Consumers are being short-changed to the tune of billions of pounds a year because the Government “cooks the books” when it calculates increases in the state pension and in various costs such as student loan repayments and rail fares.
It does this by selective use of the formulas used to allow for inflation – something that matters more than ever now that prices are rising at their fastest pace for five years.
Inflation is usually measured using one of two indices, the consumer prices index (CPI) and retail prices index (RPI).
Both reflect the monthly change in the cost of a “basket” of goods and services. But they differ, often by a percentage point, because they track the costs of different items and cover different parts of Britain’s population.
For instance, CPI does not take into account mortgage repayments.
For September, the latest month for which data is available, the rise in the CPI was 3pc while RPI increased by 3.9pc.
There is no logical justification, it does not make any sense whatsoever. It’s a very simple way of cooking the books
The difference may seem small but it has allowed the Government to save billions by, for instance, raising state pensions using CPI, which is almost always lower (see graph, below), but increasing train fares, student loans and other costs in line with RPI. The Government argues that it uses one measure in preference to the other where it is “more appropriate” to do so.
Yet economists say successive governments have made changes cynically to save billions of pounds on the quiet.
This summer the Office for National Statistics, Britain’s independent data body, branded RPI “flawed”, the latest in a series of criticisms.
Its director general, Jonathan Athow, said the index would continue to be produced for “legacy uses” but warned that RPI had “serious shortcomings” and that the ONS “did not recommend its use”.
More than a decade after the Bank of England itself switched from RPI to CPI for its official inflation target, ordinary people are still losing out.
Martin Lewis, founder of MoneySavingExpert.com, said: “Where it costs us more, they use RPI. Where it costs the state, they use CPI. There is no logical justification, it does not make any sense whatsoever.
“It’s a very simple way of cooking the books.”
The Coalition government switched to using CPI for increasing benefits, including the state pension, and tax credits from April 2011. Public sector “final salary” schemes, such as the NHS and teachers’ plans, were also moved to CPI-based increases.
At the time, the Office for Budget Responsibility, the spending watchdog, said the Government would make a combined saving of about £250bn over the coming decades as a result of the change.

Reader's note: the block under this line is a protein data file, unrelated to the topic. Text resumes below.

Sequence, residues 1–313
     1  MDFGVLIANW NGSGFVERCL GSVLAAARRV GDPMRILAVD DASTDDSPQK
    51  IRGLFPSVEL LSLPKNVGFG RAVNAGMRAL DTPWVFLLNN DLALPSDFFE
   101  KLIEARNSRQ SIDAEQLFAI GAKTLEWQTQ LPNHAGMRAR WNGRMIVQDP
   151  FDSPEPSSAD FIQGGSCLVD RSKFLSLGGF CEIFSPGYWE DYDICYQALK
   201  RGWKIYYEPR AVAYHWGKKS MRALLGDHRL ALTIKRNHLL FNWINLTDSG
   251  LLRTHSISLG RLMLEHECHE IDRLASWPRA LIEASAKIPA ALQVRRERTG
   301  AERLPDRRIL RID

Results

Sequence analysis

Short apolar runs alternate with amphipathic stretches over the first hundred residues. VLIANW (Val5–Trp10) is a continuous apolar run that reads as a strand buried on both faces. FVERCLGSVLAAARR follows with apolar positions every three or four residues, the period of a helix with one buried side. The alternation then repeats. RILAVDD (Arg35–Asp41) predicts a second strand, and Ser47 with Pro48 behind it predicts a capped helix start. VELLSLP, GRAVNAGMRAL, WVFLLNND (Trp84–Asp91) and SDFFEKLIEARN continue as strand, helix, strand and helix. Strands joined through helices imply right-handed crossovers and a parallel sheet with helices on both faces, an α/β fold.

For the moment, the state pension is protected by the “triple lock”, meaning increases are the highest of CPI inflation, earnings growth or 2.5pc.
Commuters already have to deal with train delays and frequent strikes.
Train companies bear the blame, but it is the Government that sets a cap on fare increases. Since 2014 the Department for Transport has set the annual increase in “regulated” fares, which includes most season tickets, at RPI.
Each August, the July rate of the inflation index is used to set the percentage by which rail operators will raise fares the following January. Using CPI instead of RPI would have saved someone commuting from Brighton to London £228 over the past three years, according to the Campaign for Better Transport.
As it is, fares will rise by up to 3.6pc in January. By comparison, average wages are growing by just 2.1pc a year, according to official figures.
Since the introduction of the student loan system under Tony Blair’s Labour administration, graduates have grappled with an increasingly complex system.
There are now two different plans with different levels of fees, salary thresholds – and interest rates.
Those who started a university course before September 2012 are on “plan 1” and have paid the relatively low interest rates you’d expect in an era when Bank Rate has been at record lows; they currently pay 1.25pc.
More recent students, under “plan 2”, pay a far higher interest rate on their loans – up to RPI plus 3 percentage points (there is a sliding scale depending on earnings). The plan 2 rate is updated in September each year using RPI from the previous March.
In 2017-18 it was set at 6.1pc but because of rising prices – largely a result of the plunging value of the pound after the Brexit vote – next year it will rise to 6.4pc. A plan 2 student who pays tuition fees of £9,250 a year and has a £6,000-a-year maintenance loan would build up total debts of £54,230. If CPI were used instead of RPI it would shave £1,120 off that figure.
Across the entire student population, that amounts to more than £1.5bn. With a resurgent Labour Party promising to scrap tuition fees entirely, the Government is thought to be considering cutting interest rates for students as part of this month’s Budget statement.
Tobacco, cars and alcohol tax
Tax rates on “sin” goods are generally increased in line with the RPI.
So-called “indirect taxes”, including road tax, formally known as “vehicle excise duty”, alcohol and tobacco duty, air passenger duty and fuel duty, have all been increased in this way. Despite this, some taxes have been frozen by successive chancellors.
Fuel duty, for instance, has been held at 57.95p per litre since the March 2011 Budget. Alcohol duty was raised on wine, beers, spirits and cider by two percentage points above inflation between 2008 and 2012.
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